Carlos Alcaraz was crowned the new king of Wimbledon after dethroning Novak Djokovic on a rapt Centre Court in one of the great grand slam finals.
The young Spaniard looked to be on his way to victory when he recovered from a nervous start to take a two-sets-to-one lead only for Djokovic to show once again his remarkable powers of resilience.
It was he who appeared in the ascendancy at the start of the fifth set but back came 20-year-old Alcaraz to claim a 1-6, 7-6 (6,) 6-1, 3-6, 6-4 victory after four hours and 42 minutes, finally landing a meaningful blow for the young guns against the man 16 years his senior.
Alcaraz slumped to the court after Djokovic’s final forehand dropped into the net before sharing a long embrace with the vanquished Serbian.
Spain’s Carlos Alcaraz celebrates after beating Serbia’s Novak Djokovi. (AP Photo/Kirsty Wigglesworth).
The defeat prevented Djokovic tying Roger Federer with an eighth Wimbledon title, while it also ended his chances of winning the calendar Grand Slam this year, although he will surely have more opportunities to equal Margaret Court’s all-time record of 24 slam crowns.
Alcaraz was not even born when Lleyton Hewitt in 2002 became the last man apart from Roger Federer, Rafael Nadal, Andy Murray or Djokovic to win the title here, and he is the youngest men’s champion since Boris Becker in 1986.
This was the hottest ticket in town. Along with the Prince and Princess of Wales, Prince George and Princess Charlotte and King Felipe VI of Spain, Hollywood stars Brad Pitt, Hugh Jackman and Daniel Craig were attendance while, among the tennis ranks, sat in the stands with new men’s doubles champion Neal Skupski, was Murray.
The Scot was the last man to beat Djokovic on this court, 10 years and 46 matches ago, in that unforgettable final.
Serbia’s Novak Djokovic reacts after losing a point against Spain’s Carlos Alcaraz. (AP Photo/Alberto Pezzali).
No one had got close this fortnight but there was a feeling right from the start of the Championships that it would come down to a meeting between the two players who sit head and shoulders above the rest.
Not that a contest looked on the cards for half an hour as Alcaraz snatched at shots and Djokovic carved him apart, winning the first five games and then the opening set.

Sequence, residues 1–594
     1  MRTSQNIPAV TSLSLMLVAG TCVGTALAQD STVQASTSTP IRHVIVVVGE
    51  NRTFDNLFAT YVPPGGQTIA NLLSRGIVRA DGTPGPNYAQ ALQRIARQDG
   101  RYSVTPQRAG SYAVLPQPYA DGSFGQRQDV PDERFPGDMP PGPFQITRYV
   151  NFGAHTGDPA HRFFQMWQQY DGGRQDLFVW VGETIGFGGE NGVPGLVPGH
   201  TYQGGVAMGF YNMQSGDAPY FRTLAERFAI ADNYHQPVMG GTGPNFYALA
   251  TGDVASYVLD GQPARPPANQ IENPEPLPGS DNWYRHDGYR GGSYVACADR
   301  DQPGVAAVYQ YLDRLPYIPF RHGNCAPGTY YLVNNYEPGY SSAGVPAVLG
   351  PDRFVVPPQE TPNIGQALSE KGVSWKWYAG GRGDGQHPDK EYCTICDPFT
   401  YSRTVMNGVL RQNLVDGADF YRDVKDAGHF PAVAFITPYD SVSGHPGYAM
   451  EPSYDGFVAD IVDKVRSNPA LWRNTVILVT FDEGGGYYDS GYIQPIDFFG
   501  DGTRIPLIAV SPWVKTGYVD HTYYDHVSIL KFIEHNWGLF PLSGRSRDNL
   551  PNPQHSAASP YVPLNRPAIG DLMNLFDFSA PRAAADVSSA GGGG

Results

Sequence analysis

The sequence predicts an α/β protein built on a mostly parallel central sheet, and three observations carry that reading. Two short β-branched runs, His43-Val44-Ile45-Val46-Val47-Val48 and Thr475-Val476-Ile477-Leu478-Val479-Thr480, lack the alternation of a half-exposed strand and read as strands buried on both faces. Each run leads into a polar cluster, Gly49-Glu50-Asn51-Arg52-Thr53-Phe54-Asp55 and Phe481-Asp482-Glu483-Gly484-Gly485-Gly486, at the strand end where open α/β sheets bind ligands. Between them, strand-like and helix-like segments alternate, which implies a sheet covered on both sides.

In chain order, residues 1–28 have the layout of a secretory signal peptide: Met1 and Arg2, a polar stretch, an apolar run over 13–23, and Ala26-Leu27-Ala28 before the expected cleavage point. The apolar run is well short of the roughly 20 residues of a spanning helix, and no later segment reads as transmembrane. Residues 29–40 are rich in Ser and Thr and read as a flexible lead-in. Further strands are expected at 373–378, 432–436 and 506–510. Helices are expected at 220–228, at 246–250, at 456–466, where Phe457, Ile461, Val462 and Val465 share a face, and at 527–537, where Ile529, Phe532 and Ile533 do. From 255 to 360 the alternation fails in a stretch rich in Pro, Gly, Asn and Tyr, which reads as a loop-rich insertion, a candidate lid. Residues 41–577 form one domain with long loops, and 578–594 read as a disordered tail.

But the Spaniard settled at the start of the second and, although an early break of serve was cancelled out straight away by Djokovic, Alcaraz had largely cut out the unforced errors and was asking real questions.
Most of the time Djokovic had the answers, Alcaraz standing with hands on hips after another break point at 1-2 was snatched away in a 29-shot rally.
Unlike for the women’s final, the roof was open, but conditions were still blustery and the crowd, which was predictably largely behind Alcaraz, was becoming irritated by the number of times Djokovic was bouncing the ball before serving.
“Get on with it,” came a shout from the stands, but it was an indication that Djokovic was feeling tension as Alcaraz pushed for a break.
It did not come in a close game at 4-5 and, when Djokovic moved into a 3-0 lead in the tie-break, it appeared a two-set lead, and probably the match, was close.
Spain’s Carlos Alcaraz celebrates with family and friends after beating Serbia’s Novak Djokovic. (AP Photo/Alberto Pezzali).
But two big serves from Alcaraz were followed by a netted drop shot from Djokovic and the Spaniard was back on terms.
Umpire Fergus Murphy’s patience ran out at 4-5 in the tie-break and he gave Djokovic a time violation, to much cheering from the crowd.
He still won the next two points but unusually Djokovic netted a backhand on his set point and then did the same the following point before seeing a return fly past him.
As Alcaraz turned to the fans in celebration, Djokovic returned disconsolately to his chair, where he sat shaking his head in the direction of his box, his run of 15 straight slam tie-breaks won ending at the worst moment.
It felt like a huge moment, and even more so when Alcaraz broke serve to start the third set, taking the lead in the match for the first time.
Djokovic complained to Murphy that he was not being given enough time to get to his towel at the back of the court between serves during a remarkable 26-minute fifth game featuring 13 deuces and seven break points – at 32 points, the longest in a Wimbledon men’s singles final.
On the last of those, Djokovic’s resistance gave way, and the 36-year-old was beginning to look distinctly less sprightly than his opponent, virtually giving away two games before he headed off court for a long bathroom break.
There were boos on his return, with Alcaraz standing ready to serve for several minutes. Both men knew how important the start of the fourth set was and Djokovic, who had tape on his left thigh, dug in to save two break points.
The Serbian has shown many times in his career, though, that when he looks down and out is when he is at his most dangerous, and so it proved again.
Alcaraz paid for a simple volley placed into the tramlines as Djokovic broke to lead 3-2, and the defending champion looked mentally and physically sharp again as he set up a decider.
Had Djokovic put away an apparently simple overhead to break for 2-0, he may well have walked away with the trophy again, but he netted it and instead it was Alcaraz who broke for a 2-1 lead.
Djokovic hurled his racket against the net post in frustration, shattering the frame and earning more boos, with another hole now to dig himself out of.
But this time he could not and Alcaraz, with the touch and courage of a true champion, seized his moment.